• Train your employees.

• Supervise your security.

• Use the latest technology—the bad guys will.

• Review and update procedures constantly.

Creating Trust

Esther Dyson, editor of Release 1.0 and former chairman of the Electronic Frontier Foundation (EFF), said she loves technology and what it makes possible—especially the empowered consumer. But, she argued that we can and should use technology in more creative ways. The challenge for companies in the marketing industry is how to explain themselves to consumers. "Forty percent of consumers are removing ‘cookies' [from their PCs] because they don't understand the benefits and are paranoid." She mentioned Safecount.org, a recently formed industry coalition of research and marketing professionals that advocates safe use of cookies and other "pro-consumer measurement systems." Dyson also noted some positive developments in identifying spyware and in authenticating senders of e-mail.

Campbell Tucker, director of the privacy office of Wachovia Corp., works companywide to ensure that use of customer information is in compliance with privacy laws and regulations. Also key, he said, is consistency with customer expectations. "It's important to ask consumers what they want and how they want to be communicated to—and make sure you respond to their complaints."

Leaders Set the Tone

Business guru Tom Peters, author of a string of bestsellers (In Search of Excellence, A Passion for Excellence, Liberation Management, etc.), talked about what companies can do to survive in an age of "discontinuities." In particular, he addressed the need to "re-imagine" marketing and the notion that customer-centric should be equal to privacy-centric. Echoing themes from his 2003 book Re-imagine!: Business Excellence in a Disruptive Age, Peters said, "It's a dangerous world, and it's going to become more dangerous."

He continued: "It's not your father's world anymore. ... We're in a Dell-WalMart-eBay-Google world." His guiding tenets for companies trying to navigate in this challenging environment are:

• Innovate (don't imitate)

• Re-imagine

• Adapt

• Prepare

Peters is transfixed by what is going on in China—the size and rapidity of change stuns him. "I will never again wear a baseball cap that is not made in China, and I will never take a new drug that has not been researched and developed in China." Only innovative, disruptive, and "freaky" thinking will enable companies to succeed, in his estimation. He feels that outsourcing is inevitable but called on companies to do "best-sourcing," by which he means, "Work only with the best on earth."

Powell's Sage Advice

The importance of leadership—within companies and within America—was the thrust of Gen. Colin Powell's inspiring speech. While denouncing the terrorist attacks in London and agreeing that all countries must do what is necessary to protect themselves, he urged caution: "As we protect ourselves, we must be sure not to shut ourselves down. America must be seen as a friend­ly, welcoming place." And, despite the ongoing challenges in Afghanistan, Iraq, and elsewhere, he continued to urge diplomacy and said it's important to understand where we've been successful to see what to do next. "The world will continue to look to America for leadership," he said.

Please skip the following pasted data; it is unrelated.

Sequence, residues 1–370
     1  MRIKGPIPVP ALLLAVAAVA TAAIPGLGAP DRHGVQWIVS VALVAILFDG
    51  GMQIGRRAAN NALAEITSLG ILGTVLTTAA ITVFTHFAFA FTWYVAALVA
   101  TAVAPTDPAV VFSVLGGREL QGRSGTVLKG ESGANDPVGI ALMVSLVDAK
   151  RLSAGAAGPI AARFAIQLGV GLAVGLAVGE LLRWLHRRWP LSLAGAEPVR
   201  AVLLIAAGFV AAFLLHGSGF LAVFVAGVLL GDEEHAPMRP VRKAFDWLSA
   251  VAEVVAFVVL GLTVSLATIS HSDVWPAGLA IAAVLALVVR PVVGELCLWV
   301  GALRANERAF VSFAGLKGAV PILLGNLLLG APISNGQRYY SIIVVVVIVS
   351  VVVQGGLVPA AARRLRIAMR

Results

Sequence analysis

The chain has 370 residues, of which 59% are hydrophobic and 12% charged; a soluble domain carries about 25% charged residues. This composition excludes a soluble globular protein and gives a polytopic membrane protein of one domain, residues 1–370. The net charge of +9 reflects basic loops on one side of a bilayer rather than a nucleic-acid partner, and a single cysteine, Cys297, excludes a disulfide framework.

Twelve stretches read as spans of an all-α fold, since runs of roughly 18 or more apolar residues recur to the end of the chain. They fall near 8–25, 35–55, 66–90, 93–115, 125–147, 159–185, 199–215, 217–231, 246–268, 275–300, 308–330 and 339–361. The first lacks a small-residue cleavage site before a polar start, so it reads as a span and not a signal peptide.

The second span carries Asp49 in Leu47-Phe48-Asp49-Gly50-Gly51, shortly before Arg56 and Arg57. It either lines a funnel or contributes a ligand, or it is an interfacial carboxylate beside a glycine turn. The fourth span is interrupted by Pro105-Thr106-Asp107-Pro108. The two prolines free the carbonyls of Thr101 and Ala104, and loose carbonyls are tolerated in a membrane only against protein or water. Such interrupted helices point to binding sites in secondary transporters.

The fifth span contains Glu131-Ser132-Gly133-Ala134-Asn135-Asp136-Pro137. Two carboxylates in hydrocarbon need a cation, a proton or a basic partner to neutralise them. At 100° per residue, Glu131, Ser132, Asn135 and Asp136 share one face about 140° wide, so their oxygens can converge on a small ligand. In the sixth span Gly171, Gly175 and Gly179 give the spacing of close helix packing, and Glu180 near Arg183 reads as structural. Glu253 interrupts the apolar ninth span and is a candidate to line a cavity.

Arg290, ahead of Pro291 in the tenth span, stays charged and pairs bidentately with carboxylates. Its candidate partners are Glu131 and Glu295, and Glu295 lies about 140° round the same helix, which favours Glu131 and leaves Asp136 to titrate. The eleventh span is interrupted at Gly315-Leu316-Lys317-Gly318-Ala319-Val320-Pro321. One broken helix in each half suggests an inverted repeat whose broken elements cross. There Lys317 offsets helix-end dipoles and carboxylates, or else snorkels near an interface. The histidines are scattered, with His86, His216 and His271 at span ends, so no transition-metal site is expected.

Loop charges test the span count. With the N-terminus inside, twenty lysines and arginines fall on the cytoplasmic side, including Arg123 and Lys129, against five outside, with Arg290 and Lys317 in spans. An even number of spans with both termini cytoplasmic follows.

Not surprisingly, the notion of leadership for this retired four-star general is one of selfless service. "Take care of your people," he said. "Communicate to your follow­ers a sense of mission and purpose. And, give people the training and tools to do their jobs." He continued: "People want leaders who can convince and convey to each person in the organization the value of what each does with­in that organization."

While he didn't address information privacy issues directly, his amusing anecdotes about dealing with problems—from information technology challenges at the U.S. State Department to mediating between leaders of other countries—contained insight about rational problem solving and the power of having a value-based sense of mission. Maybe we should urge Powell to tackle our privacy and data security issues, now that he's retired (for the second time). I'll bet he'd get those Congressional committees moving toward a good compromise while securing cooperation from the credit agencies and businesses that collect personal data.

Wrapping Up

In wrapping up, Butkus shared three themes that he heard recur through the event:

• Privacy protection matters—no matter what the company or size.

• Customer "closeness" matters (but use the term "close" carefully). Companies should ask: What are we helping customers fix, accomplish, or avoid?

• Leadership matters, both on a company and personal basis. Personal leadership translates into how a company communicates to the marketplace.

A perspective that clearly emerged from the forum was that we can't just throw technology at our problems, whatever they are—customer relations, privacy, or identity fraud. People and the company culture play a major role in the success of any solutions.


Paula J. Hane is Information Today, Inc.'s news bureau chief and editor of NewsBreaks. Her e-mail address is phane@infotoday.com. Send your comments about this article to itletters@infotoday.com.